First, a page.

Greenspan could not have been blind to the source of the budget surpluses: capital gains, exercised stock options and bonuses. These tributaries had dried up. Without these flows, his fear of paying down the national debt, or even running a balanced budget, made no sense. And, while Alan Greenspan could claim that paying down the debt was a bad thing, it is a tribute to the man's sway that his audience accepted such a silly pretense approvingly.
The Greenspan Campaign for Re-nomination to Head the Fed in 2004 had kicked off its media blitz a year earlier, on February 11, 2003. The Boston Globe reported that Greenspan viewed Bush's (new) tax cut plan with suspicion: "Greenspan... used the opportunity to admonish the federal government for losing its 'fiscal discipline.'" In the chairman's words, a "return to fiscal discipline should be instituted without delay." That was the stick. The next day, on February 12, Greenspan offered Bush the carrot. The Wall Street Journal reported: "Federal Reserve Chairman Alan Greenspan muted his initially chilly reception of President Bush's tax cut plan, offering more praise for eliminating taxes on dividends and playing down the near term consequences for the Federal deficit." [Italics added.] On February 22, President Bush announced that he would reappoint Greenspan for a fifth term.
On April 30, 2003, having accomplished his mission and with Bush now committed to reconfirm him, Greenspan scolded the president. The New York Times reported: "Alan Greenspan...told Congress today that the economy was poised to grow without further large tax cuts, and that budget deficits resulting from lower taxes without offsetting reductions in spending could be damaging to the economy. Opponents of the large tax cut favored by President Bush took Mr. Greenspan's testimony as support of their position." [Italics added.] The dissembling was obvious; yet, no one questioned Greenspan's motives. No one questioned his logic either, but, few in Washington or Wall Street ever had.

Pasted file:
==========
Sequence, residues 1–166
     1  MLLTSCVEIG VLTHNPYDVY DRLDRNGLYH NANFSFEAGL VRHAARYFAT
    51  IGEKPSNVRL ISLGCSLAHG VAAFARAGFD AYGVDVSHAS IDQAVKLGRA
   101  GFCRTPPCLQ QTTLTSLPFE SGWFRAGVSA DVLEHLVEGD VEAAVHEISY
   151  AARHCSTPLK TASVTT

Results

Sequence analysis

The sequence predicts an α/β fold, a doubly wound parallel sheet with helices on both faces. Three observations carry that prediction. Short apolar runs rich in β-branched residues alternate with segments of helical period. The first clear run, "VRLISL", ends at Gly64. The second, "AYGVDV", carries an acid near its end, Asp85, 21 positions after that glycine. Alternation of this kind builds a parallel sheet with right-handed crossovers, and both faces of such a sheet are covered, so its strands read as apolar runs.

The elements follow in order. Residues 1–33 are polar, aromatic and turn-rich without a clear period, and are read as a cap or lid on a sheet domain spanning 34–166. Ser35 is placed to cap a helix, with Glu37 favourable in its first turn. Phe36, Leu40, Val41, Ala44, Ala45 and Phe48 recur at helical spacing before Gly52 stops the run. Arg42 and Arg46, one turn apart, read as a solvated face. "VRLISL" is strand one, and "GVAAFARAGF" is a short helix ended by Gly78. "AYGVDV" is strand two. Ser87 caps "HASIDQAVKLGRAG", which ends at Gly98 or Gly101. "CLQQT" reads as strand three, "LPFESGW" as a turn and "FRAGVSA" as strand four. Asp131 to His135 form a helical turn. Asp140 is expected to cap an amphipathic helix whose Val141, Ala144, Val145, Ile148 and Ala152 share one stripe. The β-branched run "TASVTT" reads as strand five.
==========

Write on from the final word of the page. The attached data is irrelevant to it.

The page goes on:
On April 21, 2005, the chairman's bewildering tax and federal budget advice came full circle. At a Senate Budget Committee meeting, Democratic Senator Paul Sarbanes from Maryland pursued a ragged thread in the Greenspan tapestry. The senator contended that Greenspan's endorsement of the president's 2001 tax cut was the "green light" that George Bush needed. (This 2001 testimony is probably what Hillary Clinton remembered.) At this meeting, Greenspan replied that he had not "specifically" endorsed the tax cut plan. The chairman claimed: "[Y]ou will not find anywhere in the public record that I supported the  tax cut."
After the New York Times published Greenspan's "blessing today to a substantial tax" on January 26, 2001, the Federal Reserve chairman never made a speech or provided testimony that his advice had been misunderstood. There was no reason for him to do so. Reading the January 25, 2001, speech today (available for anyone to judge on the Federal Reserve Board of Governors website, under "News and Events" and "Testimony"), his support is obvious. He was rooting for a tax cut.
This civil servant had made false statements to the people's elected representatives before. When a vote to balance the budget loomed early in Clinton's presidency, Greenspan said a Fed study showed a balanced budget would reduce interest rates. The Fed had conducted no such study. Greenspan testified to Congress in 1993 that tapes of Federal Open Market Committee meetings were destroyed after summaries were written. Thus, no transcripts existed. He later admitted to Banking Committee Chairman Henry Gonzales that he had known for years transcripts were kept but only remembered when a "senior staff member jogged my memory in the last few days."
To Sarbannes complaint, Greenspan deflected criticism with a tried-and-true tactic: flattery. The Wall Street Journal reported on April 22, 2005, that Greenspan told the senator "an alternative program of tax cuts and spending increases then proposed by the Democratic Party's leadership would have achieved the same desired reduction in surpluses." The logic of Greenspan's prevarications seemed to mean he had not specifically endorsed the Bush tax cut. Yet, he also told Senator Sarbannes that he "like many economists" had been wrong about the surpluses he warned of in 2001. Three years later, in 2004, the federal government set a new record with its first $400 billion deficit. So why was he now saying the Democratic Party's proposal would have "achieved the same desired reduction" since the budget surpluses had, instead, degenerated into record-setting deficits? We will never know. Greenspan had triumphed once again.
As presidential candidate in 2008, Senator Hillary Clinton fully understood her man. She proposed an "emergency group" to "deal with high-risk mortgages." Greenspan was one of those she would appoint to her brain trust. When an opponent questioned her strange selection of the former Federal Reserve chairman, Clinton offered an enigmatic endorsement. Greenspan had "a calming influence....Don't ask me why, because I never understand what he's saying."